I don't normally post updates on horses within the first week because usually there aren't enough changes to make it worthwhile. I'm making an exception for Dylan because his feet were rather ugly when he arrived and have already changed.
Although he arrived a week ago I only posted his initial photos yesterday. They generated quite a few comments on Facebook and on HHO and some explanation is due, but its important to realise that Dylan's feet aren't anyone's fault.
His vet was prescribing a recognised remedy for horses with DDFT damage; his farrier was following the prescription and his owner was following the advice of professionals she trusted. Everyone had Dylan's best interests at heart and was doing the best for him that they could at the time. Although his shoes and hooves looked ugly he was sounder than he had been when he was first diagnosed.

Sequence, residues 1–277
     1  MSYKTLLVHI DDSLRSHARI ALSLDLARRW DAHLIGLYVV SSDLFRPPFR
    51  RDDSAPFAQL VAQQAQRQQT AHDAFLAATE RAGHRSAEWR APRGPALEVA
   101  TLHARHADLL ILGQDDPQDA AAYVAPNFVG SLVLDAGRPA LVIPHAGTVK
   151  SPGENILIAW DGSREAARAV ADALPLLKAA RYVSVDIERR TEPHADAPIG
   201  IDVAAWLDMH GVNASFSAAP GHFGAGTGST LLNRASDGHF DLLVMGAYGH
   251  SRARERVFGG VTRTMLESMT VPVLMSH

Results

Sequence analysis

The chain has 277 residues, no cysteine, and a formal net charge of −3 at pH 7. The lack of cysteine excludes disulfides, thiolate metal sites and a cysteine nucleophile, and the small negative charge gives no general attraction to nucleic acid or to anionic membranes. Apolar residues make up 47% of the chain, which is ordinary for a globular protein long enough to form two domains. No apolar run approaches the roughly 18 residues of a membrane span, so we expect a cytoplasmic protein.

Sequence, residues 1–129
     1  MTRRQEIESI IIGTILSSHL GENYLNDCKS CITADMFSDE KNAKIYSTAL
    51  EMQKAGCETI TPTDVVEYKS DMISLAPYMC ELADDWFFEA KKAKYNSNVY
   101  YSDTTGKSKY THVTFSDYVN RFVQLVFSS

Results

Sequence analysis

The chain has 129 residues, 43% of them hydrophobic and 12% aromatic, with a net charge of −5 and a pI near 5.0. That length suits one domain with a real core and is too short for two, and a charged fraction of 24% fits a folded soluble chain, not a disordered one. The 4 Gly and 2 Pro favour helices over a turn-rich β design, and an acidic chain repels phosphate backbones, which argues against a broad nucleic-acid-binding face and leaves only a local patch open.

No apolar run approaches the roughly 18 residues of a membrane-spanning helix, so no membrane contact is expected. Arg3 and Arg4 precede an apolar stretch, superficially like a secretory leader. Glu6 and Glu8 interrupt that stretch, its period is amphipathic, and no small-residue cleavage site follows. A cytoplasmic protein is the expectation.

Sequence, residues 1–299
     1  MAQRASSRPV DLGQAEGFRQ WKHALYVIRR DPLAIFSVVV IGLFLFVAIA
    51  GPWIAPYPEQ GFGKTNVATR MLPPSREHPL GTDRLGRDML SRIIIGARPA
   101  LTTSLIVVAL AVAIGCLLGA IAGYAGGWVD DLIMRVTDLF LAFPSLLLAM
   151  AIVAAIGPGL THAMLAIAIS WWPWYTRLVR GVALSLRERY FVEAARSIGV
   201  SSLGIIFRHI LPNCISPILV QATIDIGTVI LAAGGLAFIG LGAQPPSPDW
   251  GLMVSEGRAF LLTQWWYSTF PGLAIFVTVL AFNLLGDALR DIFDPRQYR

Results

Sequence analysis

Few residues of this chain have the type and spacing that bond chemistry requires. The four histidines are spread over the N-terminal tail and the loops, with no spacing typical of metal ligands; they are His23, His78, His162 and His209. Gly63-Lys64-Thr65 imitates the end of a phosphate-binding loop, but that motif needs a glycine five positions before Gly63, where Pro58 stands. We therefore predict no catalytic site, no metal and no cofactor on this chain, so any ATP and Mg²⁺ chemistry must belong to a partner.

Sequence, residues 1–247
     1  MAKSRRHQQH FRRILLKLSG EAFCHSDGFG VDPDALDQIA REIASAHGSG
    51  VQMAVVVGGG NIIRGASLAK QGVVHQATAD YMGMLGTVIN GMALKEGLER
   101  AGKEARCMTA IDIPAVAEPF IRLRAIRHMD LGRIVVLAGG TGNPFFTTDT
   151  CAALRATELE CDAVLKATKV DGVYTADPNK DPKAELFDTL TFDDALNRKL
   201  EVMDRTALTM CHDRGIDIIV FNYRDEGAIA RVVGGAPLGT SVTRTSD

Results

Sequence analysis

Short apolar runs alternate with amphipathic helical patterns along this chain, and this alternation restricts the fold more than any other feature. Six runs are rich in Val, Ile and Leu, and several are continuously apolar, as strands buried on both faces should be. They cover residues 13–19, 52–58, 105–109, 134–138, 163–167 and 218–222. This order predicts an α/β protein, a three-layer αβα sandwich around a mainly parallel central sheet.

A week later his feet are already changing and the fact that he is able to move comfortably is a vital part of this.
On his initial photos he definitely had long toes and under-run heels. Lots of farriers and trimmers would have tried to address the external appearance by radically shortening the toes and his feet would certainly have looked prettier afterwards - but at what cost?
Looking at this angle you can see that there isn't lots of dead tissue - his whole foot had stretched forward.
I am sure that Dylan's farrier realised this. Backing up the toe would only have overloaded his very weak frog and heels and would have required an aggressive trim which would have left Dylan very uncomfortable. His farrier was between a rock and a hard place.
As it is, although his feet are still ugly one week on, he is astonishingly comfortable as he stomps round the tracks and up the fields and I am sure that in a few weeks his feet will look a lot healthier.
Of course its now up to Dylan and us to prove to his owner, vet and farrier that they made the right decision...Watch this space!